The longer the government’s lawsuit against Apple and the five of the Big Six corporate publishers (who, through their various imprints account for 85% of book sales) continues, the more absurd it becomes. “Collusion,” the U.S. attorneys say. “We must protect the public from those conspiring to control prices of e-books.”

To my mind, I would say that “Authors need more protection than the public.” In the end, any book is an author’s creation and the writer deserves the fairest shake they can get. No two books are alike, all are individual creations, and the idea that e-book prices would uniformly rise if “Apple and the publishing conglomerates got their way” is hard to accept.

I don’t know how the Big Six divvy up e-book sales, but I know what we do: treating electronic sales the same way we do all subright sales and dividing the income on a 50:50 basis. I also believe that publishers have the right to set a price on the e-books they publish—just as they have a right to set prices on books they publish. If Apple allows the publisher to set their own prices, that’s a good thing. If wholesalers wish to give greater discounts, that’s up to them. But if Apple only takes 30% of the e-book selling price—then a $10 sale nets the publisher $7, and the author—with our system—earns $3.50 per sale. On the other hand, if Amazon takes 50%, and overrules the publisher’s asking price by deciding to sell the same book for $8, the publisher nets $4 and the author $2.00. Big difference, wouldn’t you say?

The very idea that the public needs protection in these instances seems even more absurd, for a book is not a necessity like food or fuel or electricity. Books and e-books are, in the end, entertainment: entertainment the public can purchase or take from any public library at no cost whatsoever. Would the government go after movie theater chains—like the United Artist Theaters who set ever higher prices for watching their films? They shouldn’t. But if we start with books, who knows what other forms of entertainment might come next.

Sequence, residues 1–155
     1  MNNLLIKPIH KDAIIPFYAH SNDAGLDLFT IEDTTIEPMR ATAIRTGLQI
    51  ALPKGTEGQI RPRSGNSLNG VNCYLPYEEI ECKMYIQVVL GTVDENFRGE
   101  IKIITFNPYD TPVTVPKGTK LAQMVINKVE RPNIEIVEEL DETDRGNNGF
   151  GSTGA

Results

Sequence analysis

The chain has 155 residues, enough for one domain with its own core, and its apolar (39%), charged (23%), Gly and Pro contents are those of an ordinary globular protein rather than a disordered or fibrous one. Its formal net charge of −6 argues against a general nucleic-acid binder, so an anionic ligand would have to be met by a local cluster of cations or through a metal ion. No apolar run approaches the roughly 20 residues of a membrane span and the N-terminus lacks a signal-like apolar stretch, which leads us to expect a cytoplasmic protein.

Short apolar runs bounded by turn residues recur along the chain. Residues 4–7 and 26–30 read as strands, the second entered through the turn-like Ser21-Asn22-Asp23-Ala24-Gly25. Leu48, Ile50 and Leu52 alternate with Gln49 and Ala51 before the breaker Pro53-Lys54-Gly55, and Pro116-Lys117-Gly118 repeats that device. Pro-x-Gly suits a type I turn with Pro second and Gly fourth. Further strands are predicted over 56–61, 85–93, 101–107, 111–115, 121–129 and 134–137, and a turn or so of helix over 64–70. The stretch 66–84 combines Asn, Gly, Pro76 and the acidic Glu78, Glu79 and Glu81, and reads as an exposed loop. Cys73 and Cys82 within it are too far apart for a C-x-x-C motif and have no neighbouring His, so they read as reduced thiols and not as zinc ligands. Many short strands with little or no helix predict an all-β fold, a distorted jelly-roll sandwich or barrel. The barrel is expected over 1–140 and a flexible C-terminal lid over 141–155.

Frankly, we adore Kindle sales, though Amazon often lowers prices to less than what we request. But they pay on time (unlike many bookstores and wholesalers) and account for over 80% of our e-book sales. If anything, it would benefit authors if publishers could list what return they would like on a price they set for any individual book. Amazon would have a choice of lowering their discount or not, in order to compete with Apple or others, though right now there is no competition, with Kindle sales blowing away all competitors.

To me, this lawsuit is an glaring example of government excess, providing big headlines concerning “Conspiracy” and “Protecting the Public,” while wasting taxpayer’s money and going after the wrong people, for all the wrong reasons. Shakespeare and Faulkner have said it best: It’s “Much Ado about Nothing” and “The Sound and the Fury”— quite dramatic but empty of substance other than brandishing prosecutors reputations and defense lawyers incomes.

Let me know your thoughts about these issues. And I’d welcome learning about how electronic rights are divided by the Conglomerates.

And do check out the latest newsletter on The Permanent Press website (